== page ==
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2. Materials and methods

2.1 Study area for the crop farmers

In addressing the stressors associated with crop farming, 70 crop farmers were sampled from Ekiti State, Nigeria. The state has 16 local government areas with coordinates 7° 40°N, 5°15°E. The total land area is 6353 km2 and has a population of 2,237,186 people, with agriculture providing income and employment for more than 75% of the population [39, 40]. Ekiti State is also categorized by the Ekiti State Agricultural Development Project (EKADP) into Zones A, B and C based on agronomic and ecological considerations. These zone headquarters are situated at Aramoko, Ikere and Isan, respectively [40].

2.2 Study area for poultry farmers

For the poultry venture, a structured questionnaire was administered to 80 randomly selected poultry farmers in Ilorin Metropolis. Ilorin, is the state capital of Kwara State, North Central, Nigeria. The state lies between latitudes 7°45′N and 9°30′N and longitudes 2°30′E and 6035′E and has an estimated population of about 2.37 million people [40]. The state has an annual rainfall range of 1000–1500 mm. The months of December and January coincide with the cold and dry harmattan period, while the annual rainfall pattern across the state extends between the months of April and October with minimum temperature ranging from 21.1 to 25°C and average maximum temperature varying between 30°C and 35°C.

2.3 Study type and instruments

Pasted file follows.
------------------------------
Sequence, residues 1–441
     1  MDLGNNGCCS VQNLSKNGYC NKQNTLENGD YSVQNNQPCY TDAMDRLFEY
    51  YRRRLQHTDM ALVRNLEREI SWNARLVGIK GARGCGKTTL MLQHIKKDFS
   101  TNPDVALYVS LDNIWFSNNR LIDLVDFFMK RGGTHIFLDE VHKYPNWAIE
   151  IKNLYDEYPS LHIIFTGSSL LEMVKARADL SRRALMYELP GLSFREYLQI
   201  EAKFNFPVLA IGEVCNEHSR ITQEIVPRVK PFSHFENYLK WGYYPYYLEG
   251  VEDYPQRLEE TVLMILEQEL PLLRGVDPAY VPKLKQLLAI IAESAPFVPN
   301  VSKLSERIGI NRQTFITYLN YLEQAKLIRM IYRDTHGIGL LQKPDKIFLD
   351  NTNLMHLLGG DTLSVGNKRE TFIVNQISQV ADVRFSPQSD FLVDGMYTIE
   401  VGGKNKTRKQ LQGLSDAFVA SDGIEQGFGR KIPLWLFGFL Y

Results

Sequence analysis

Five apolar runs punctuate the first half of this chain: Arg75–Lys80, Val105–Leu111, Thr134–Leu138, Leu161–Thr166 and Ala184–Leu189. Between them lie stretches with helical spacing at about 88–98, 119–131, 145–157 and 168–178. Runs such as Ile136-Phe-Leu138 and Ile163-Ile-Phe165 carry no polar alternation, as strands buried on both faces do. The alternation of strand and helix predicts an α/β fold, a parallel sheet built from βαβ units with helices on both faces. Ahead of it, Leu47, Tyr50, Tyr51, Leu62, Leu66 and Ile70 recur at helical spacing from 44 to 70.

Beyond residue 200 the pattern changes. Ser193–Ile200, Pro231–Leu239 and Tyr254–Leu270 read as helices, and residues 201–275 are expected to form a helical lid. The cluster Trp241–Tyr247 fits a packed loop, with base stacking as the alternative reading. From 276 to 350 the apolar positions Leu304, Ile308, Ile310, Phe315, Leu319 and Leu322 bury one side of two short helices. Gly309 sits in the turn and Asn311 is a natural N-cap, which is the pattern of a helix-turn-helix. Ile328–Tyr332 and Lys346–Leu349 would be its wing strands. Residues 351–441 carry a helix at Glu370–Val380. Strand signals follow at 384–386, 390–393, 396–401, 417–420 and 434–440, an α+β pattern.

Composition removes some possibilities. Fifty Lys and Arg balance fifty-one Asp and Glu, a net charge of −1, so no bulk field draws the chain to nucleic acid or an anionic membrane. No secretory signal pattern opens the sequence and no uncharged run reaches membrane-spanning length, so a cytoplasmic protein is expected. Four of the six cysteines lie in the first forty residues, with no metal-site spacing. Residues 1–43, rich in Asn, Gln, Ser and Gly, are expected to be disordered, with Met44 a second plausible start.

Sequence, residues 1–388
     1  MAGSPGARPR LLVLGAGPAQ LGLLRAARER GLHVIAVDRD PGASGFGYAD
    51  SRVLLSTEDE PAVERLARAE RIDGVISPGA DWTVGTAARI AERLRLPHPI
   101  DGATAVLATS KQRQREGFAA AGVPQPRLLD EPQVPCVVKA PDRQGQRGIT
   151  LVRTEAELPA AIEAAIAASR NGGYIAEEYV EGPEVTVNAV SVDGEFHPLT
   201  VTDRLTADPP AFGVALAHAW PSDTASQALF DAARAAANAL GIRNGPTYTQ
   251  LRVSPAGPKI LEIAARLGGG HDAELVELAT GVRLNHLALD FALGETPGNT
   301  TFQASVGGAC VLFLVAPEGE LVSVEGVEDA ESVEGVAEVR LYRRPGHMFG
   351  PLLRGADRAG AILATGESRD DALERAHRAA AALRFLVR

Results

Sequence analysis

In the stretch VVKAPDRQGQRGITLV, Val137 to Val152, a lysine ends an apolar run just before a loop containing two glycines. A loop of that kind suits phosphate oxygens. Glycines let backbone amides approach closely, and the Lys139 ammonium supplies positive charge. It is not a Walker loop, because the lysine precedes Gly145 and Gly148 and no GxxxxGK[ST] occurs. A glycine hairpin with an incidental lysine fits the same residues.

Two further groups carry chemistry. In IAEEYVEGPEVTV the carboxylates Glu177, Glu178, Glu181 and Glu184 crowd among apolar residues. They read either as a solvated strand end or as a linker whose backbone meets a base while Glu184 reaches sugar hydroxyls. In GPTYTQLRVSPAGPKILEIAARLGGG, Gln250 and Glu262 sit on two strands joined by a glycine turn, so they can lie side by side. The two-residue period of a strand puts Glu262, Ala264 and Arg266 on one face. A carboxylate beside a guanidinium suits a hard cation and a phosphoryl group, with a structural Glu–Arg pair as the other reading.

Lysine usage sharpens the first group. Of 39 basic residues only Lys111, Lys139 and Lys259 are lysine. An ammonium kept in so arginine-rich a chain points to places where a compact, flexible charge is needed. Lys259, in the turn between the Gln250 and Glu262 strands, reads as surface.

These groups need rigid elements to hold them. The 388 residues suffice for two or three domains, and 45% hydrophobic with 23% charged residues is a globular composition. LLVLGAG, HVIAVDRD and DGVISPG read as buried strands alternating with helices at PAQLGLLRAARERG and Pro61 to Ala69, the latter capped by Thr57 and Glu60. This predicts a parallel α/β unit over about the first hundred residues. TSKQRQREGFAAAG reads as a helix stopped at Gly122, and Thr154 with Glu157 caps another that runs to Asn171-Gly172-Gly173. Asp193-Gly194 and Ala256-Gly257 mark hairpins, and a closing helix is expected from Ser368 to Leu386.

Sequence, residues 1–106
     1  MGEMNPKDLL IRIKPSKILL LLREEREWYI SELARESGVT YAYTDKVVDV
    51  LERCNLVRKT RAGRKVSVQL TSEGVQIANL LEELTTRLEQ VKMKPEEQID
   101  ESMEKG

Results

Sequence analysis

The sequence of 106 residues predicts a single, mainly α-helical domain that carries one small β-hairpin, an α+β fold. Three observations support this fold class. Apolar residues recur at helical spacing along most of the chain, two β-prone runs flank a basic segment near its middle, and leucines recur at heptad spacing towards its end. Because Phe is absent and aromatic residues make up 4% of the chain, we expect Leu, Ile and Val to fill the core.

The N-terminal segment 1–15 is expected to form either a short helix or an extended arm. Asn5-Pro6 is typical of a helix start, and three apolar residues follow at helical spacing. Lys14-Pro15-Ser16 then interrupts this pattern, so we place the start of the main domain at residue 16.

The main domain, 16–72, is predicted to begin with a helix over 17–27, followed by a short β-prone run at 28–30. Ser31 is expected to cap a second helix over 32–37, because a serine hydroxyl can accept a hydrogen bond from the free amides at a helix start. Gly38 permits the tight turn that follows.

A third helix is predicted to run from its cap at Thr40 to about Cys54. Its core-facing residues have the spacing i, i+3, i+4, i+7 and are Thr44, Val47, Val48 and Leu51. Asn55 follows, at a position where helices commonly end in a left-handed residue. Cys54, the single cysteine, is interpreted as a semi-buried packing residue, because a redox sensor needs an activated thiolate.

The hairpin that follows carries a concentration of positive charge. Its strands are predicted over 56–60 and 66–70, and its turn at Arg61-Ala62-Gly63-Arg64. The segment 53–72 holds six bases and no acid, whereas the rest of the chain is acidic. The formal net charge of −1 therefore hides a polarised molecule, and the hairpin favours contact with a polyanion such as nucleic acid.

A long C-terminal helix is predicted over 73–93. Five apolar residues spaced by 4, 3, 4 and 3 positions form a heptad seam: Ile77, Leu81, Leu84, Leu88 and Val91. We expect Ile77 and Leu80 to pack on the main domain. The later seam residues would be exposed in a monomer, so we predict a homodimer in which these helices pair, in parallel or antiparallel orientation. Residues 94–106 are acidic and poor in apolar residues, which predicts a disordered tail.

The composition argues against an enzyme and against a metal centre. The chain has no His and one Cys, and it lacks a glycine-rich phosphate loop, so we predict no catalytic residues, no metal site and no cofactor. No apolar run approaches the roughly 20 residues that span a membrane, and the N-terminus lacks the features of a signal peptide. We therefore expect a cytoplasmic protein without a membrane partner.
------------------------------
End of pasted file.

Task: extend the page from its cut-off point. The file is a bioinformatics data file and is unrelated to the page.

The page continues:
The study engaged a descriptive survey to collect information on agricultural stressors among crop farmers in Ekiti State, Nigeria. Farmers who had farming as their major occupation across the farming communities in the state were approached for the study. About 85 farmers were informed about the purpose of the study, and 74 gave their consent via information letters. However, after data collection and cleaning, 70 of the questionnaires were found useful (N = 70). Similar approach was engaged in eliciting information from 80 poultry farmers in Kwara State, Nigeria. Information were elicited with the aid of a structured questionnaire and semi-structured interview. The questionnaires were designed to elicit information on socio-economics, agricultural stressors and their causes and perceived effects among the farming population as experienced by crop and poultry farmers. The instrument for crop farmers was taken through a test and retest method of 3-week interval to ensure the internal reliability of the instrument. The reliability index was found to be 0.73, while that of the poultry farmers was found to be 0.71. The instruments were augmented with a semi-structured interview to elicit qualitative information on the stressors associated with their occupation. The research instrument was developed based on the available information empirically (see [19, 20, 41, 42]). Various components of the instrument include the following: Section A, the socio-economic characteristics of the respondents; Section B, stressor identification and causes of farm stress on a four-point Likert scale [4 = strongly agree (SA), 3 = agree (A), 2 = disagree (D), 1 = strongly disagree (SD)]; and Section C, the ascribed effects of farm stressors and intensity of effects on a three-point Likert type [2 = mostly affected (MA), 1 = occasionally affected (OC) and 0 = not affected (NA)]. Authors sought the consent of the respondents via a consent form in which participants were informed of the purpose of the study and the confidentiality of the information provided. Respondents signed/thumb printed to show approval. The farmers were provided brief education on the concept of farm stress. This education included farm stress, sources and effects of farm stress using oral presentation. This was followed with a semi-structured interview using probing and prompting to elicit more information of farm stress-related issues from farmers. Authors are aware of the limitation of this method to include biassed results leading to overestimation of stressor prevalence and effects. However, this was corrected by cross-checking responses from the structured questionnaire and interview with the use of probing and prompting responses to check for internal validity and consistency.